Oyster farmers are hard working people who know the water and know a lot about shellfish biology. Some farmers are even trained marine biologists! 

Every farm is a reef and provides ecosystem services to the surrounding bay or estuary. Here's some background from Rowan Jacobsen's A Geography of Oysters about the limitations of California's natural ability to nurture oysters

"For a big state, California’s oyster industry is confined to a small area. Tomales Bay is the center of the action, with several small growers, including Hog Island. Coast Seafoods, the largest oyster company in the country, has major Kumamoto farms to the north in Humboldt Bay. Other than a handful of quixotic operations in Carlsbad, Santa Barbara, Morro Bay, and Drake’s Estero, that’s it. It’s all in the geography. California isn’t blessed with many bays. It has one world-class bay (San Francisco), and one dinky one (Humboldt). San Francisco Bay held billions of Olympia oysters in the 1850s, zero in the 1860s. By the time Pacific oyster seed was available from Japan, San Francisco Bay was far too polluted to grow oysters. Tomales Bay, the other workable water body, is a geological freak. When Point Reyes, the tomahawk-shaped wedge of land that is the tip of the Pacific Continental Plate, slammed into the rest of California, which edges the North American Continental Plate, it didn’t make a perfect fit. Tomales Bay is the imperfection, more a crevice than a typical bay."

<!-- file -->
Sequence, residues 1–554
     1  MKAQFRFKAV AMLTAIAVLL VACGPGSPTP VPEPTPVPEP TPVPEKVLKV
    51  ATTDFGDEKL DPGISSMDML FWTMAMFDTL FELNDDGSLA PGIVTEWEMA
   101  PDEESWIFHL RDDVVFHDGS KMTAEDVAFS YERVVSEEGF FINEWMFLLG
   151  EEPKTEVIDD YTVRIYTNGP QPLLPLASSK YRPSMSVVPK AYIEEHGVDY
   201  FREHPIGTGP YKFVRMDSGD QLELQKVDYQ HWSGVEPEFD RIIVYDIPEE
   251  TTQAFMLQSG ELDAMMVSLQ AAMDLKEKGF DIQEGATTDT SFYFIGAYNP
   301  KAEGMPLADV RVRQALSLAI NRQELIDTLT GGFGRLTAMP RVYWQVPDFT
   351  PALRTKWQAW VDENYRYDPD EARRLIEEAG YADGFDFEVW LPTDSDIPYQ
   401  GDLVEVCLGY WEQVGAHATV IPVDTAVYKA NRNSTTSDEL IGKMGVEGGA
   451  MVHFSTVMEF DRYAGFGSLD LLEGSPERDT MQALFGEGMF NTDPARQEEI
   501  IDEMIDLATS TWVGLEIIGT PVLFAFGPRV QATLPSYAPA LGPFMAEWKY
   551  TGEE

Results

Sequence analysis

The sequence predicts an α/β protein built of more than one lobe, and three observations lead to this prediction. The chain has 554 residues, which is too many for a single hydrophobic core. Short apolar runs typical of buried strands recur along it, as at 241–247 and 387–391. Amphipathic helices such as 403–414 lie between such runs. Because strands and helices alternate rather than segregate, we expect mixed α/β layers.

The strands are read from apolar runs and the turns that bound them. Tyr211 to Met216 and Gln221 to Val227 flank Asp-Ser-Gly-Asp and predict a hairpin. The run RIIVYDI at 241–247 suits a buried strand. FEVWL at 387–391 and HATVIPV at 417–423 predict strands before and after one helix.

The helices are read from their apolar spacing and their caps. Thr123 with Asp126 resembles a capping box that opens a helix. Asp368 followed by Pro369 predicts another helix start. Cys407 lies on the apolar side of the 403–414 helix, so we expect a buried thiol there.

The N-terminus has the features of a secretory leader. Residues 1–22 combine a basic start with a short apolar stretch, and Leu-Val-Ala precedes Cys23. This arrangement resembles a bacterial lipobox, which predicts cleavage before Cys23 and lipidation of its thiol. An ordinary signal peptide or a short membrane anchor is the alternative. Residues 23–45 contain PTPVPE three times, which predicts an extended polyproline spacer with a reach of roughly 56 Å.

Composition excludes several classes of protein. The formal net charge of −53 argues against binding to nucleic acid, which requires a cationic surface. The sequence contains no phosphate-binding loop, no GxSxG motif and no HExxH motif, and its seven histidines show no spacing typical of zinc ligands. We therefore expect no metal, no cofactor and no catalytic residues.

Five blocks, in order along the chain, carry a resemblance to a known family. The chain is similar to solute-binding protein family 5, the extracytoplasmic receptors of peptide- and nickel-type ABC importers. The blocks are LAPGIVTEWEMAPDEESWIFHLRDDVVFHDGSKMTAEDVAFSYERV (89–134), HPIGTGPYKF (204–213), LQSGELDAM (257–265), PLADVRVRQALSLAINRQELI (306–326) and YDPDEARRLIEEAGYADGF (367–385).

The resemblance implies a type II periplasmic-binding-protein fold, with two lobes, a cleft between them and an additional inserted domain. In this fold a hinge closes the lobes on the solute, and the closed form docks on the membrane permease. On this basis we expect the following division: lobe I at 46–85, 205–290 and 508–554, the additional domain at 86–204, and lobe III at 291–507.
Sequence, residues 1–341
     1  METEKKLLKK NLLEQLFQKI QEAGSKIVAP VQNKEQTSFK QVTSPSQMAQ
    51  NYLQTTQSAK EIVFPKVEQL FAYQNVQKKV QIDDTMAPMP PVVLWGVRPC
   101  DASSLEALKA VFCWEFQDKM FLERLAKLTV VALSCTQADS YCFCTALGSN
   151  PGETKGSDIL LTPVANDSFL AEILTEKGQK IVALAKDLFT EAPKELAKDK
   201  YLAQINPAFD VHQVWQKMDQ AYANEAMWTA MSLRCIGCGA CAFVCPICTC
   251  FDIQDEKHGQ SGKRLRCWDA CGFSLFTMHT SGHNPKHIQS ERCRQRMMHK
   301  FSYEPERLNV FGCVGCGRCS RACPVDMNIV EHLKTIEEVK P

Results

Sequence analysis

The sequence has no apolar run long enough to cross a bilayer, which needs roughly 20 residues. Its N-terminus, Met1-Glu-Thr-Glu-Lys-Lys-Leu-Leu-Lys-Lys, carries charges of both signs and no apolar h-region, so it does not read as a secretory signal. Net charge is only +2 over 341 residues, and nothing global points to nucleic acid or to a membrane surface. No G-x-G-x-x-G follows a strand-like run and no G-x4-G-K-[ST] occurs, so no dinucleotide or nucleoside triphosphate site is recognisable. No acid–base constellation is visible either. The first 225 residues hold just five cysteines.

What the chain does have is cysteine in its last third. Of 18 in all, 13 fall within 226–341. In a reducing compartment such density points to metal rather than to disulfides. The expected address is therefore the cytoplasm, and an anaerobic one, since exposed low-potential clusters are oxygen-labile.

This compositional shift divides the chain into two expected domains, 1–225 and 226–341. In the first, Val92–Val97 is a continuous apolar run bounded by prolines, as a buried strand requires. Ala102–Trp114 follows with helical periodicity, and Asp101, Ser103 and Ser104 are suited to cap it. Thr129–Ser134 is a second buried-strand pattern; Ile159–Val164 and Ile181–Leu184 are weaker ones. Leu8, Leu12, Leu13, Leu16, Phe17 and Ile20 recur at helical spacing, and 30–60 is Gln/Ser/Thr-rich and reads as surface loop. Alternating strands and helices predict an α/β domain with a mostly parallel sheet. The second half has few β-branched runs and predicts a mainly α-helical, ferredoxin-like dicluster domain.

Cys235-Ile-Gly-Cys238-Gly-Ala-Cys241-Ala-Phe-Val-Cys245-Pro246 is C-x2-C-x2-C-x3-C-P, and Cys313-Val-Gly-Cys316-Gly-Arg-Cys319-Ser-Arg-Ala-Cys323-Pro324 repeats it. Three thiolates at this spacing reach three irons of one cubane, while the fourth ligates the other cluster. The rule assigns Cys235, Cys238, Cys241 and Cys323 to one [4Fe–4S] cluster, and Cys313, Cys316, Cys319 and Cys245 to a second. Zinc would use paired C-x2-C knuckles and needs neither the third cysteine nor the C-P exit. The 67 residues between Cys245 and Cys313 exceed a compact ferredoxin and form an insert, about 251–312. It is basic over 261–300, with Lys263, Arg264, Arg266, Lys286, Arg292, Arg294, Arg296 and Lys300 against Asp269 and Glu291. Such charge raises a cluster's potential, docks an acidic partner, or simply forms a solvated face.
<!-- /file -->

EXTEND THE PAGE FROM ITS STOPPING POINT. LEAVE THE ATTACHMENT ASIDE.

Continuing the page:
Given our limited nurturing geology for nurturing oysters, it's high time to bring oysters back to the Bay. Oysters may be the word's most sustainable fishery! You don't have to feed or water them, they are quite low on the food chain, and their carbon footprint is practically nil - especially if the oysters you are eating are grown locally!